The Truth About the Acetaminophen / Autism / ADD/ADHD Connection
“There are 28 billion doses of acetaminophen per year sold in the US; liver damage caused by acetaminophen leads to 400 deaths and 42,000 hospitalizations a year. Since acetaminophen is often part of a combination medication, the potential for people to accidentally overdose on it is ever present. Overdoses of acetaminophen now represent the leading cause of liver damage in the US.” From the July 12, 2009 issue of the New York Buyers Club
“Not only is acetaminophen, the active ingredient in Tylenol, the deadliest over-the-counter pain reliever on the U.S. market, but its dangers are being overlooked by members of the public and health officials, according to a new joint report by ProPublica and the public radio program, This American Life. Acetaminophen overdose sends as many as 78,000 Americans to the emergency room annually…. federal data shows.” From Dominique Mosbergen’s article for the Huffpo, Tylenol Overdose Risk Is Staggering; Acetaminophen Safeguards Remain Insufficient: Report
“Acetaminophen is a component of hundreds of over-the-counter and prescription medications used worldwide. Its wide availability and easy accessibility make accidental or intentional overdose, leading to hepatotoxicity, a common occurrence. It is available in both prescription and OTC formulations and is commonly found in three strengths: regular strength, extra strength, and extended release.
Several forms of acetaminophen are available, including tablets, caplets, capsules, oral-disintegrating tablets, chewable tablets, oral syrup, liquid, solution and suspension, as well as rectal suppositories. In 2011, the FDA approved an acetaminophen I.V. formulation to be used in an inpatient setting to treat fever and pain in children 2 years of age and older, and adults.” From the September 2019 issue of Nursing Critical Care by Dr. Scott Saccomano (Acute Acetaminophen Toxicity in Adults)
“Tylenol Is By Far The Most Dangerous Drug Ever Made” Dr. Aric Hausknecht, New York neurologist and pain management specialist, as quoted in Josh Bloom’s September 2017 article for the American Council on Science and Health (Is Tylenol ‘By Far the Most Dangerous Drug Ever Made?)
Acetaminophen (aka Paracetamol, Tylenol) is arguably the world’s number one over-the-counter pain reliever / ANTIPYRETIC medication. Although the STATISTICS CONCERNING CONSUMPTION (AND TOXICITY) OF ACETAMINOPHEN are all over the place, sources show that Americans take about 30 billion doses annually in the US, which works out to about 100 doses for every man, woman and child. A heck of a lot of medication of any kind no matter how you slice it!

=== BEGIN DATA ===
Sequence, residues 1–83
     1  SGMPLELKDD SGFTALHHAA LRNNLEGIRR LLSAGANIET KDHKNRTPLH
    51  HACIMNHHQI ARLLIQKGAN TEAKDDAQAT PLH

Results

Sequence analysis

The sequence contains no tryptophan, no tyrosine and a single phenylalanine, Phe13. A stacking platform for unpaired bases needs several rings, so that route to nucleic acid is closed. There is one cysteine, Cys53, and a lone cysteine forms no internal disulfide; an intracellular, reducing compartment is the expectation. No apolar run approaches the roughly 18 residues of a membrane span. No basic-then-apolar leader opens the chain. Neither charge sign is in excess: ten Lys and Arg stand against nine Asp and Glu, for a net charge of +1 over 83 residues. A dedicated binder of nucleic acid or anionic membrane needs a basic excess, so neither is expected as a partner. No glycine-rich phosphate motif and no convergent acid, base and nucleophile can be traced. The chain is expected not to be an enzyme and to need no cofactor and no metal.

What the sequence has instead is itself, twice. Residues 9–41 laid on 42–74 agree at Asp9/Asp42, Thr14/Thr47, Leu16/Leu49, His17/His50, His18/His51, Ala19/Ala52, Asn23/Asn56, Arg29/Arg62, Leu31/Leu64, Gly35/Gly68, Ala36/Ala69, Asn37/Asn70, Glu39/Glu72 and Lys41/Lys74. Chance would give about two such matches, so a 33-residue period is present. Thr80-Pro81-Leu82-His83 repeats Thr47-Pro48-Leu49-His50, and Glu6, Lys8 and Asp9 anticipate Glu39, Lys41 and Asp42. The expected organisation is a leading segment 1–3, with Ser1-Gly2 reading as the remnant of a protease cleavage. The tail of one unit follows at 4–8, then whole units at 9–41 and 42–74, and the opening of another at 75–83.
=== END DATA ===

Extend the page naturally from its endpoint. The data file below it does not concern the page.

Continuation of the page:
Furthermore, remember that acetaminophen toxicity (kidneys, liver, etc) is not only dose-dependent, research has shown that said damage is “accumulative”. Calculating one’s accumulated toxic load for acetaminophen would be similar to calculating damage done by smoking, which is figured in something called ‘pack-years’ (number of packs/year X the number of years smoked = pack-years). Which brings us to the acetaminophen / autism / ADD/ADHD connection.
I’ve talked quite a bit on my site about acetaminophen, even discussing this ACETAMINOPHEN / AUTISM / ADD/ADHD CONNECTION several years ago in a rather extensive article. Just the other day the European Journal of Epidemiology published a meta-analysis (23 authors and 46 sources) titled Prenatal and Postnatal Exposure to Acetaminophen in Relation to Autism Spectrum and Attention-deficit and Hyperactivity Symptoms in Childhood: Meta-analysis in Six European Population-based Cohorts, confirming the previous findings.
Thus, the very first thing you need to understand about this topic is that while it is not very widely reported by doctors or media outlets who get most of their revenue from advertisers (BIG PHARMA is probably their biggest customer), it is not in any ways new or ground-breaking. Here are the authors talking about the old meta-analyses.